A New Submarine Capability, But What Happens Now?

By Sophie Richards on 07 October 2021

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The landmark announcement from the Australian, UK and US governments declaring the AUKUS security pact is one of the most significant ever made.

Whilst the AUKUS pact will have a bearing on more than just Australia’s future submarines, it is the fall out from the decision to adopt a nuclear submarine capability that has been felt most acutely across the Australian defence industry community.

A new submarine capability

The decision to acquire a nuclear submarine capability and move away from conventional diesel-electric powered boats has had, and continues to have, a significant impact on the defence industry submarine-related workforce at large.

Much detail is still unknown, but there are important points that we do already know. The Royal Australian Navy will acquire nuclear powered submarines and will no longer pursue the diesel-electric powered solution provided by Naval Group. The new vessels will be built in Adelaide, where the AWD upgrade, Collins Full Cycle Docking (FCD) and Life Of Type Extension (LOTE) will also take place.

Workforce impact

The impact of this decision is complex and far-reaching. In the immediate aftermath, it is felt most keenly by the organisations contracted to undertake work on SEA 1000. In addition to Naval Group and Lockheed Martin, many suppliers and SMEs have been impacted. So too have the employees of these organisations, some of whom are currently overseas working on the project.

In Adelaide, where a workforce of over 450 people is engaged on SEA 1000, we expect that most will be readily absorbed by current defence programs, including AWD, FCD or LOTE. This is especially true for workers with STEM skill sets.

Nationally, despite the pause in SEA 1000 recruitment, demand across naval acquisition and sustainment projects remains very high. Kinexus’ 2021 Hiring Intentions and Workforce Report recorded that 41% of all hiring would be in the naval sector with over 1,500 new positions created. SEA 1000 hiring make up less than a fifth of that figure.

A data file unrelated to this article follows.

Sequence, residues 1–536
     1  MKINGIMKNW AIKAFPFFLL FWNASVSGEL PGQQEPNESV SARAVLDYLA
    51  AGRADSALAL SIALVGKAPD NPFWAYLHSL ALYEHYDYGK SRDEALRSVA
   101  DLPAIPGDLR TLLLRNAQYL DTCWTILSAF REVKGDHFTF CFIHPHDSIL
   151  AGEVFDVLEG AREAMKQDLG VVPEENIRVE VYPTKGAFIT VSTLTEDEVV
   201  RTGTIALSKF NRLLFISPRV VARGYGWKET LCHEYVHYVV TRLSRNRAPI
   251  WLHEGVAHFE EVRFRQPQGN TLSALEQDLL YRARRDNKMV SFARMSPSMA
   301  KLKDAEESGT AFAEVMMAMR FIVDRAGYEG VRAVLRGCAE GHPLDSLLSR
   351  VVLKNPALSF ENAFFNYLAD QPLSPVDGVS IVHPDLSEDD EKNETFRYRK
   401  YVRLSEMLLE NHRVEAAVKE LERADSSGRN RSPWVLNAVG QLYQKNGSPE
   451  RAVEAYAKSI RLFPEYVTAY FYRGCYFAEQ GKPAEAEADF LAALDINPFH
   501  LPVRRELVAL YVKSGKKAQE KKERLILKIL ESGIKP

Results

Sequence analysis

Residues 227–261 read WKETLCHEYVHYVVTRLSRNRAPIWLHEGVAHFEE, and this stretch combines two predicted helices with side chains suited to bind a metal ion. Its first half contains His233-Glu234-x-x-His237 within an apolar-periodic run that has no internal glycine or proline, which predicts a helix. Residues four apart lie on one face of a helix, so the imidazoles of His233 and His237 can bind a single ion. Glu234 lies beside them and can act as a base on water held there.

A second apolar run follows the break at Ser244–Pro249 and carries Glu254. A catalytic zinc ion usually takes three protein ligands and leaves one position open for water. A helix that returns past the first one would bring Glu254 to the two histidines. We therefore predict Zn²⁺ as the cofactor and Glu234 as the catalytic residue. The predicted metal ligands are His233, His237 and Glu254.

Next steps

Many organisations currently involved in SEA 1000 are looking to redeploy staff onto other programs. For workers who have been impacted various options are available. It is probable that, at least in the short-term, the current future submarine workforce will disperse across various other Defence platforms and domains.

Demand for workers in Adelaide is significant, and in many cases future submarine experience can be readily transferred onto new domains or platforms.

Collins FCD and LOTE will need the full range of submarine related skills. Whilst timings are unclear, demand for skill sets such as high-end design, integration, project management and commercial could be imminent.

For those who are committed to working on Australia’s future submarine capability, this work will once again become available in Adelaide, but it is too early to know when that will be or what that will look like.

More information will become available over time, and there are various excellent industry organisations advocating for this as we speak.

Despite the longer-term opportunities, this is a worrying and uncertain time for existing SEA 1000 workers. However, given the extant demand for workers on other Defence programs in SA and nationally, workers should be confident that good opportunities will become available to them.

Now is the time to consider what the best next step will be, and make informed and considered decisions.

Get in touch

For advice on what the best next step looks like contact Claire Whitehouse, Delivery Manager for SA. Claire is a recruitment and HR professional with over 20 years’ experience. Over the past three years she has been living and breathing all things defence industry recruitment and is our South Australia specialist.

Image credit: Department of Defence

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